Update, 5:54 pm Thursday:
According to a press release issued by Ald. Bob Baumann, Mayor Barrett today lifted the policy that required health department staff get permission before communicating directly with elected officials. The policy was discussed at Wednesday's Steering & Rules Committee where members learned for the first time of the policy's existence.
Health department employees are not allowed share concerns with Milwaukee Common Council members or the mayor, Angela Hagy said Wednesday at a Steering & Rules Committee meeting.
Milwaukee's Director of Disease Control and Environmental Health said, “There’s expressed department policy that all communication to the council and the mayor has to go through the commissioner."
The information ignited outrage among committee members. Committee chair and Common Council President Ashanti Hamilton said, "There are employees who are watching, who are sending text messages and saying that this is their experience. I think this is part of the reason why this became such a big issue.”
The health department has been under a microscope since it emerged that its Childhood Lead Poisoning Prevention Program is getting less funding, providing less remediation, and children with elevated blood lead levels have been falling through the cracks.
Because of inconsistent recordkeeping, the department couldn’t be sure it sent letters to more than 6,400 families whose children’s test results were high from 2015 through 2017.
Mayor Barrett said all of those families would be notified, and the health department quickly set up rotating free lead clinics at three health centers.
Barrett also called for an internal report from the health department. It’s that report that the Steering and Rules Committee reviewed.
The report revealed that the department did not follow protocol for at least two children tested with extremely high levels of lead by failing to test for lead in their homes before the kids returned.
Health operations manager Sandy Rotar told committee members the department has remedied the situation for those children and described initial steps the health department to restructure the lead program. “We’re starting to cross train the staff," she said. "One of the issues was that if you were in the lead program, it was separate from environmental health. We’re trying to cross train them so that we can ebb and flow based on the workload that’s needed."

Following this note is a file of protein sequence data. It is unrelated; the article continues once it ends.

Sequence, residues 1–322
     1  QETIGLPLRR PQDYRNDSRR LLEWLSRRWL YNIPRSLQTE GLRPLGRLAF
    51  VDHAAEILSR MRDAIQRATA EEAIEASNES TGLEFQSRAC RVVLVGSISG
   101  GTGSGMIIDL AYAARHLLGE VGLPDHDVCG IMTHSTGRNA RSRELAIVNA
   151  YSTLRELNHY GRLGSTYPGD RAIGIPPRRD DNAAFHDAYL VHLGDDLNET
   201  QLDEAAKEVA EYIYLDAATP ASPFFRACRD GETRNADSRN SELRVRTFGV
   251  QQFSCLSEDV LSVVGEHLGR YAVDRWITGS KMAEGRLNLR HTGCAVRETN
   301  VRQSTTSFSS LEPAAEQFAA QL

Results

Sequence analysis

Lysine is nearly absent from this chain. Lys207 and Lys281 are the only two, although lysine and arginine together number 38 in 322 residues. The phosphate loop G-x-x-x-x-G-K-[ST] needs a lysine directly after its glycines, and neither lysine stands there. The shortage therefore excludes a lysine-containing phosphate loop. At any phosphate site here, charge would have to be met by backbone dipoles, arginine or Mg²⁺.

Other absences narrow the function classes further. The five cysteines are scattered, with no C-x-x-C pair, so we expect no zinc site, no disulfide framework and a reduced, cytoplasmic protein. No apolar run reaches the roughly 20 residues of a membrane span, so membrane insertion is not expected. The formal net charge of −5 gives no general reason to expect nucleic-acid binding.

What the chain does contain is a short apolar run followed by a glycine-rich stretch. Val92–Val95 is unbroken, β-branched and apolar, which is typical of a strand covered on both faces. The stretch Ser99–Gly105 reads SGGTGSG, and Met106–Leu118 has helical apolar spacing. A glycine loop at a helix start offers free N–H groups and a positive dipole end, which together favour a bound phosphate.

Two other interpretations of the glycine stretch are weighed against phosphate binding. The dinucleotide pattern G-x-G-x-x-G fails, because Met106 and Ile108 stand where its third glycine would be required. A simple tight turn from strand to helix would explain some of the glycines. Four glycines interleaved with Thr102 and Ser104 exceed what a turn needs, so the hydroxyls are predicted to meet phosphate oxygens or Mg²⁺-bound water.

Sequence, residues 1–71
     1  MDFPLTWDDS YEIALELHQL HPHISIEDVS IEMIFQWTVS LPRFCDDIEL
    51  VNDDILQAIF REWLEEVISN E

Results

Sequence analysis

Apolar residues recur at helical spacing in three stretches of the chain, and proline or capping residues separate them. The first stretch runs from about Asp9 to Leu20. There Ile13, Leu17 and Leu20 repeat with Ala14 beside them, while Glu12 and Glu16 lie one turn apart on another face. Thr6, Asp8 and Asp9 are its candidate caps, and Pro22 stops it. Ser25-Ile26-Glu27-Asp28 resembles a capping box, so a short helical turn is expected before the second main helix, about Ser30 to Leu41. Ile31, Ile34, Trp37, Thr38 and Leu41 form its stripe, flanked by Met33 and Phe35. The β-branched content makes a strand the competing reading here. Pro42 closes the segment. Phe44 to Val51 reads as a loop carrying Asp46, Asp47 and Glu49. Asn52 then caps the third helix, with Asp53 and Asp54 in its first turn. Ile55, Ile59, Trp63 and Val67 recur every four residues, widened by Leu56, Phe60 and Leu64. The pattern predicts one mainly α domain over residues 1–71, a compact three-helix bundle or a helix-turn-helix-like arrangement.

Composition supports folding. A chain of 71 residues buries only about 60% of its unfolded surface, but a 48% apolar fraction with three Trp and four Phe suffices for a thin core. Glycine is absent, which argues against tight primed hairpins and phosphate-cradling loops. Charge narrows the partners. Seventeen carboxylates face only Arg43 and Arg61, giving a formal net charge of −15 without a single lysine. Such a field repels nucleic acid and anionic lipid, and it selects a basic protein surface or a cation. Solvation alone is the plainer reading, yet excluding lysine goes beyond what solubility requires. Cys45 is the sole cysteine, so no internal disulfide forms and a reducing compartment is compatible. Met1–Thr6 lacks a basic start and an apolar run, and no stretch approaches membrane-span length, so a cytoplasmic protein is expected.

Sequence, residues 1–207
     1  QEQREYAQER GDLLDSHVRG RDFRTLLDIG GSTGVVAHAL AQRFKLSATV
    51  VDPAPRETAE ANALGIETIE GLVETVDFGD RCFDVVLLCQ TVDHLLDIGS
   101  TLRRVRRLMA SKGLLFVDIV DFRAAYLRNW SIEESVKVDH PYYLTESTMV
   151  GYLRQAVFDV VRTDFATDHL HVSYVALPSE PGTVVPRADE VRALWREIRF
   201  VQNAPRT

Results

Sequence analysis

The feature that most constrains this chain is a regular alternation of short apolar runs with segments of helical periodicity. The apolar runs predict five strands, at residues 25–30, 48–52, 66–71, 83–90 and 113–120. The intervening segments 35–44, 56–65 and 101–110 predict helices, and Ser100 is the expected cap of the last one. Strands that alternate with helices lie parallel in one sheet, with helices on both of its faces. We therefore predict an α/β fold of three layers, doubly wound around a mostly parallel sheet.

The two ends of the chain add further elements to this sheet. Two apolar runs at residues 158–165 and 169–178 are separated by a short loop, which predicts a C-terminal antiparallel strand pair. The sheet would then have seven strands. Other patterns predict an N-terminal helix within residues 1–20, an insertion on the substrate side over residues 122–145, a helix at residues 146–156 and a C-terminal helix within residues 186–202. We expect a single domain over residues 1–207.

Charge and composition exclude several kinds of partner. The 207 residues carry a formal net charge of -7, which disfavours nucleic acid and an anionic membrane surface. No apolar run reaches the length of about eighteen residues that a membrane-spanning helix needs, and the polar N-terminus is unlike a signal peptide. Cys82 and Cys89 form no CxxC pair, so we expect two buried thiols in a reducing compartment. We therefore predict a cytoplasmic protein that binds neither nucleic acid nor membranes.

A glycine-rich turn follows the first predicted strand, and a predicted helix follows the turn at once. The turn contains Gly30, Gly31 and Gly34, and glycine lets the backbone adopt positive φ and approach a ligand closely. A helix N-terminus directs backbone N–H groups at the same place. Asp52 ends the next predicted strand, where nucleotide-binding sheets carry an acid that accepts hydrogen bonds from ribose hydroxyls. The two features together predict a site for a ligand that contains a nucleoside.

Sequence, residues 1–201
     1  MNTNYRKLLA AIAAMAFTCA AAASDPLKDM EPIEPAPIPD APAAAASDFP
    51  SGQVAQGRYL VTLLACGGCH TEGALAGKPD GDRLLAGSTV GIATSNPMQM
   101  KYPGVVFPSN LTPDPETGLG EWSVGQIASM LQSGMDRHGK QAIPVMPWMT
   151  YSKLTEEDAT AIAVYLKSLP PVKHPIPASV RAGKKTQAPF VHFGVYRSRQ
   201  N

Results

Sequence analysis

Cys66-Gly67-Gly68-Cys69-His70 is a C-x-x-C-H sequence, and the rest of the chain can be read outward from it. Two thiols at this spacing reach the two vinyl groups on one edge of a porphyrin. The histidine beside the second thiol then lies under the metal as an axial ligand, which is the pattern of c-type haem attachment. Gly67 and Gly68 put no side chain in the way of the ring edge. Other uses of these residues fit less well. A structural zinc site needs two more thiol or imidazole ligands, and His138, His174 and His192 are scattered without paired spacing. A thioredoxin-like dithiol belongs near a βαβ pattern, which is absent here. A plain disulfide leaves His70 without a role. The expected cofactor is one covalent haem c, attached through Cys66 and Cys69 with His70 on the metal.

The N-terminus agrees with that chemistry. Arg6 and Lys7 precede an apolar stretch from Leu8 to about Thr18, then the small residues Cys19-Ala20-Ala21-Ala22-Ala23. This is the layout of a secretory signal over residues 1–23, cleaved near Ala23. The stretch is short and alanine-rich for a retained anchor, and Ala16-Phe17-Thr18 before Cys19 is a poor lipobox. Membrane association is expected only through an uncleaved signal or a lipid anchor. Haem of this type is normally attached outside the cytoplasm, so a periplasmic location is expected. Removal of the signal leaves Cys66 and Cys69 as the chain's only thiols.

Alderwoman Milele Coggs expressed shock that others echoed. “If we’ve gotten to the point where thousands of kids could have been impacted by some lead stuff because of information sharing challenges. If this doesn’t teach us that we need to have transparency, that we need to communicate with each other and we need to make sure the people are being served, I don’t know what else will,” she said.
Coggs called the problem systemic to Milwaukee city government and said she plans to sponsor an ordinance “that says no department can restrict the communications of employees with aldermen.”
Mayor Tom Barrett did not participate in Wednesday’s meeting. He was attending an infant mortality meeting.
Barrett’s policy director Aaron Szonpinksi spoke on the mayor’s behalf: “We don’t want to, as I said before, this isn’t a hide the ball exercise. We want to be forthcoming, transparent with the public and show people how we’re going to fix this, because this is a really critical issue for all of us."
Ashanti Hamilton said it’s critical to get the lead program back on track as soon as possible. Long term, an external audit will probe more deeply into the working of the health department.